Action Deaf Youth was formerly called the Northern Ireland Deaf Youth Association – known to friends and to those in the Deaf Community as NIDYA, was set up in 1988 after a reunion of young deaf people revealed shared feelings of isolation and a need for support. The Association felt it was time for Deaf people to speak for themselves, rather than reply on hearing people to do it for them.
A committee was formed, premises found and funding was sought. The first barrier had been broken and NIDYA was born. In the same year, a report written by Dr. Susan Phoenix indicated that the needs of Deaf people went largely unrecognised by the hearing community. It also highlighted the fact that many members of the Northern Ireland Deaf Community had a poor quality of life and a poverty of expectations.
Malachy McBurney, one of the founders, led the Association during this decade, enabling NIDYA to embark on new exciting initiatives from its office base, the Wilton House in Belfast. In 1991, NIDYA reassessed its aims and objectives to focus on work with young deaf people in clubs, as this had been identified as the area of greatest unmet need. Deaf Youth Leaders broke new ground, establishing a club in Belfast for young deaf people. Club members were encouraged to participate in club administration and in decision-making. Another club, modelled on the Belfast Club was later set up in Derry in 1994 and overseen by Caroline Doherty, Youth Worker. The club catered for young people from the North West of the Province.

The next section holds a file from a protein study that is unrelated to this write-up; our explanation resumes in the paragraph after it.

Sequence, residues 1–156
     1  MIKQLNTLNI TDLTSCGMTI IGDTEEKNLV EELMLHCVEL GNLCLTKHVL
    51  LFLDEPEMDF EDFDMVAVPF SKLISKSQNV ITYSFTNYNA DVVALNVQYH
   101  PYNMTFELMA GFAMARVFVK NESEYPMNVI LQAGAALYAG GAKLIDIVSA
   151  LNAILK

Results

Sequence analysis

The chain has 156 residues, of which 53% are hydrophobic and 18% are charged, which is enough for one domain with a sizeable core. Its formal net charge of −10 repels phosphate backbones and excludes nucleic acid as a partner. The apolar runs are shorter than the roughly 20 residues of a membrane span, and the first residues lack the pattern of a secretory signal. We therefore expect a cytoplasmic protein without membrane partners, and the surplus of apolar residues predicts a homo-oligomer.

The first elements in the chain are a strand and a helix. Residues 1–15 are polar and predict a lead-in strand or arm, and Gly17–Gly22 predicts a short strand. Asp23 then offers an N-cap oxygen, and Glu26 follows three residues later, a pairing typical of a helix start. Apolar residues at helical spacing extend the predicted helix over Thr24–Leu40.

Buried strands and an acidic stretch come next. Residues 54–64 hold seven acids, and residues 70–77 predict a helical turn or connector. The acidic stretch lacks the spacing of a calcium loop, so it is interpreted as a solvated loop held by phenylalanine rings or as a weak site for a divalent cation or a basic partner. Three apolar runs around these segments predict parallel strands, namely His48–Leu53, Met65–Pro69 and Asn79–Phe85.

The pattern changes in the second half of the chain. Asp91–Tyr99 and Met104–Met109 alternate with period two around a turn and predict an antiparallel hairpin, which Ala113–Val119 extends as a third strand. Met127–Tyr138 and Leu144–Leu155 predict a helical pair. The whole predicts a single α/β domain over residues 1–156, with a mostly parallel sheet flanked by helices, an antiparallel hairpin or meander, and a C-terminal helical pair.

Throughout the years in the 1990s, NIDYA organised and ran a wide range of training courses for its members. A strong emphasis was placed on Youth Leadership training, enabling NIDYA to staff Deaf Youth Clubs and Deaf Leaders.